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OKLAHOMA CITY LEAVES LASTING IMPACT ON BACHMAN

By Carter Baum,

"It's a place I'll always call home a little bit."


For Richard Bachman, his time in Oklahoma City has made a lasting impact. 

 

"For me personally it was a fun year," Bachman said. "I had a great time."

The Salt Lake City, Utah-native was the backbone to a young Barons team and played a pivotal role in the team's fourth-straight Calder Cup Playoff appearance, starting in 29 of the final 32 games of the regular season. Bachman tied for the AHL lead in games played by a goaltender with 52, and also led the the in saves (1,514) and shots faced (1,667). 

"There wasn't much time for rest or anything like that, but it was a lot of fun," Bachman said. "Guys never stopped trying or believing that we could win, and you saw it down the stretch there with that run. Guys really started to play for each other, and wanting to make it happen and wanting to make the playoffs."

Signed by the Edmonton Oilers last summer, Bachman got his first look at the NHL level with his new team in late October. He started in three straight games - including a 47-save shootout loss to the Los Angeles Kings in his first game with the Oilers. But during the first period of his third start, Bachman left the game with a lower body injury that sidelined him for over a month. 

"It was a whirlwind experience to say the least," Bachman said. "[To be] playing well and then all of the sudden you get hurt and your out for six weeks. It was my first time dealing with something like that."

Bachman re-joined the Barons on Dec. 12 and started all but seven games over the next four-plus months. 

On a team full of first- and second-year professionals, Bachman saw the young players' progression first-hand.

"I was just talking with [Coach Todd Nelson] in there and, at least the defensive-core from my perspective, it's a night and day difference from the first couple weeks of the season to where we were in playoffs," Bachman said. "It's fun to watch them develop and it reminds [me] of when I was 20, at least, developing and getting as many opportunities as possible. It kind of brings you back to that and makes you want to get better yourself."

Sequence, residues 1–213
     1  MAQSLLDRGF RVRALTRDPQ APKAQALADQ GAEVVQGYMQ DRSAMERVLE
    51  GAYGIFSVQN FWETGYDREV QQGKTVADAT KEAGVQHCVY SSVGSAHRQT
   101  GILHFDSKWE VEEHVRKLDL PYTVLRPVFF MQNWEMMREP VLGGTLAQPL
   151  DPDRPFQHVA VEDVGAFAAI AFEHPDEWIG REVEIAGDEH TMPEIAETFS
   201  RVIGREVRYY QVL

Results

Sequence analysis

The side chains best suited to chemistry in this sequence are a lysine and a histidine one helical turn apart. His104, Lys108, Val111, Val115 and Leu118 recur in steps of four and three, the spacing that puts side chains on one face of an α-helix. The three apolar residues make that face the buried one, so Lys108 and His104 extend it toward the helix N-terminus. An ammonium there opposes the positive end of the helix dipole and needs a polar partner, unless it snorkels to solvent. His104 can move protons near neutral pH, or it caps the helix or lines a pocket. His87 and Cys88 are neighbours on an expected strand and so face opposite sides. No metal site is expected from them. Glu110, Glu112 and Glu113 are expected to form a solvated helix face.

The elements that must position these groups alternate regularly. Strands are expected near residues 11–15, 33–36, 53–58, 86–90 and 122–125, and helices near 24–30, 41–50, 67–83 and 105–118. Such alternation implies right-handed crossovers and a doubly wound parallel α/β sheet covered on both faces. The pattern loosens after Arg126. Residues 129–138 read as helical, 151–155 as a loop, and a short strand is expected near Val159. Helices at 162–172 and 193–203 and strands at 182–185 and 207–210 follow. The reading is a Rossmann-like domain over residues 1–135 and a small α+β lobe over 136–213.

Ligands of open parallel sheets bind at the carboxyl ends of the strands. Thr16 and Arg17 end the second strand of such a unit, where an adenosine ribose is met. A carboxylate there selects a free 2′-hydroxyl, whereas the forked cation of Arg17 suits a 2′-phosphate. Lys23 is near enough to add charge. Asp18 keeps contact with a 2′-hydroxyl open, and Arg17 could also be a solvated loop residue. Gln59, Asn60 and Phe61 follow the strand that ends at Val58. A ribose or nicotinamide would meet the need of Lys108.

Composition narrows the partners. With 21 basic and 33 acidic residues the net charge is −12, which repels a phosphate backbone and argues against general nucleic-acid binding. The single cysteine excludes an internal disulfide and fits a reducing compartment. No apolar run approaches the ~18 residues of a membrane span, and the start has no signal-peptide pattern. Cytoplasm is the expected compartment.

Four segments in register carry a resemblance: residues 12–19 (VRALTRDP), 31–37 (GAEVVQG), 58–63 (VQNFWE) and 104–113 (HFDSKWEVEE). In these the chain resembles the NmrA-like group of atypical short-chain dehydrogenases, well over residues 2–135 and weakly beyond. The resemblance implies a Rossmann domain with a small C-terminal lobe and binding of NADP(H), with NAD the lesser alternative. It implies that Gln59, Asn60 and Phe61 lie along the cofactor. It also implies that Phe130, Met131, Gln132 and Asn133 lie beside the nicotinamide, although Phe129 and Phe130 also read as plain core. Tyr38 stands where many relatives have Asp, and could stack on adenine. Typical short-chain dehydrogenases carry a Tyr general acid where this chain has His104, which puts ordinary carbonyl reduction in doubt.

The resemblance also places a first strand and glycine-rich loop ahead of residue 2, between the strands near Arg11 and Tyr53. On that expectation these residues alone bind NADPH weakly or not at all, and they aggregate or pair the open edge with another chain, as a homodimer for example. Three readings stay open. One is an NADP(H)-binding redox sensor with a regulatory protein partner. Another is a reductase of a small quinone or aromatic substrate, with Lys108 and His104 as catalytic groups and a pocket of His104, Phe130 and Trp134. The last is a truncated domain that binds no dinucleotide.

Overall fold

Off the ice, the Oklahoma City community has welcomed Bachman and his wife with open arms. 

"Everyone's been super friendly. Sometimes it's almost scary how friendly they are, you don't know what's going on because you're not used to people randomly saying 'Hi, how are you?'," Bachman said. "They've been great to me and my wife, taken us in, even our neighbors have been just so welcoming. It's been a great town to get to know and get to live in."

Bachman also found a lasting connection through the Barons Buddies program with his Buddy, Ty. 

"It's unbelievable. Any chance you have to make a difference in someone else's life, it's special," Bachman said. "It's a relationship that was formed through the Barons, but it'll always continue," Bachman said. "I think stuff like that is so important. It's the most important thing. Hockey is great, and that's what we do, but getting to make an impact in other people's lives, and they impact our lives [too], is something that's really special."

The Barons netminder is a restricted free agent going into the offseason, but if the opportunity to return to the Oilers' organization and Oklahoma City is right, Bachman said he would love to return to a city that has become a second home. 

 

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